So we are left, politically speaking, with nothing. How dreadful.


Herbert Davenport: The Economics of Enterprise

October 16, 2013

Economics of EnterpriseHerbert davenport

by Richard M. Ebeling*

This year marks the hundredth anniversary of the publication of Herbert J. Davenport’s (1861-1931), The Economics of Enterprise, which appeared in the early months of 1913.

Both mainstream economists as well as many “Austrians” seem to have long since forgotten Herbert Davenport. But during his time he was recognized as one of the early formulators of a subjectivist conception of opportunity cost, a harsh critic of Alfred Marshall’s attempt to partly preserve the “real cost” doctrine of the Classical Economists, and a lucid expositor of the central role of the entrepreneur in a dynamic vision of the market process.

His earlier article, “Proposed Modifications in Austrian Theory and Terminology” (Quarterly Journal of Economics, May 1902), and his book, Value and Distribution (1908) were “friendly criticisms” meant to clarify inconsistencies or ambiguities in the “Austrian” approach with which he was, in general, highly sympathetic.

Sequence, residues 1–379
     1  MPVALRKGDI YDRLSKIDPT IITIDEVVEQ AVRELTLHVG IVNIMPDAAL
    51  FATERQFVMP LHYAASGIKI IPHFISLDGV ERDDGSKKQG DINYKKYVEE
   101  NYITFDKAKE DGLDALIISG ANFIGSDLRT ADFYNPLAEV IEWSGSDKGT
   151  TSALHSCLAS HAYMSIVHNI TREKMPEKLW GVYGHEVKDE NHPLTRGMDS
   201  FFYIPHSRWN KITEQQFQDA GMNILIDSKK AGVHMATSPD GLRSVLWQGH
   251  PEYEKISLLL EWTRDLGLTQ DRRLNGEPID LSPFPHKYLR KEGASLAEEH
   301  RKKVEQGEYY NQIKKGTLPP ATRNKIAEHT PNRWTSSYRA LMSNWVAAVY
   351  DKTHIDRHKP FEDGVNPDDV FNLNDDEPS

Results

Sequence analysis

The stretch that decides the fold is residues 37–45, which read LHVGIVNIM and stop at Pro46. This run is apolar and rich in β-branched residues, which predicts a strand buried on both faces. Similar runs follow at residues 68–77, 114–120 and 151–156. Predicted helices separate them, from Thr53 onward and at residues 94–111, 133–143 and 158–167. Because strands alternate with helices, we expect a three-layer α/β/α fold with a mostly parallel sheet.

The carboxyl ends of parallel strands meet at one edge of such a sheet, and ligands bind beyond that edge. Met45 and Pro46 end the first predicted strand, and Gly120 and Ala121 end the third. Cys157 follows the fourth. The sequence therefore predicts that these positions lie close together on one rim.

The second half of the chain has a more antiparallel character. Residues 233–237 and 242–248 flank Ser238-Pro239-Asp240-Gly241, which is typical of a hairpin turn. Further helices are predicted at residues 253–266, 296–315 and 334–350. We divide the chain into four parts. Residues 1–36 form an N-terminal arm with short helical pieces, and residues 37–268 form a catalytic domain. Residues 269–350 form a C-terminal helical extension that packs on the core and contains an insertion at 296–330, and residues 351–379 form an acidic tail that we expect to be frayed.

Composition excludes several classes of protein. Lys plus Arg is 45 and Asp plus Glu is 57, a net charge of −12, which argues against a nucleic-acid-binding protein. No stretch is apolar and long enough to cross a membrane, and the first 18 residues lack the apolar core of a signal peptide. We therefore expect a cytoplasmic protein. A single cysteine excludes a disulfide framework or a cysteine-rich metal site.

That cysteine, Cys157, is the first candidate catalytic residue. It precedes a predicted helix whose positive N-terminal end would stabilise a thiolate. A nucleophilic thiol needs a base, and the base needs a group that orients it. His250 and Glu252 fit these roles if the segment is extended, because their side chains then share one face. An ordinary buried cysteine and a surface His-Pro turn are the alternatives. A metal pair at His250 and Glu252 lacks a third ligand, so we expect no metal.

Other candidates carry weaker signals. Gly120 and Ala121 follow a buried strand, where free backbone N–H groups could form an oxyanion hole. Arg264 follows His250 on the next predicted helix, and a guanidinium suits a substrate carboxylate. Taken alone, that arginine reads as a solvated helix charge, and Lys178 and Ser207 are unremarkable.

Born in Vermont, he earned a PhD in economics under J. Laurence Laughlin (a strong defender of laissez-faire economics) at the University of Chicago, but was also influenced by (though critical of) Thorsten Veblen. For many years he served as the Dean and Department Chair of the College of Business at the University of Missouri. He later served as a professor of economics at Cornell University.

According to Paul Homan, he was a captivating classroom professor: “One remembers him most vividly and typically leaning back in his chair, his penetrating eyes touched with the shadow of a smile, as of triumph, while he deployed his arguments, humorously but with devastating order and precision, usually at the expense of someone, preferably Marshall, whom other people took seriously and whom he regarded as hopelessly muddle-headed.”

The Economics of Enterprise presents his full analysis of the market order in terms of subjectivism, causality, and entrepreneurial competitiveness. Read the rest of this entry »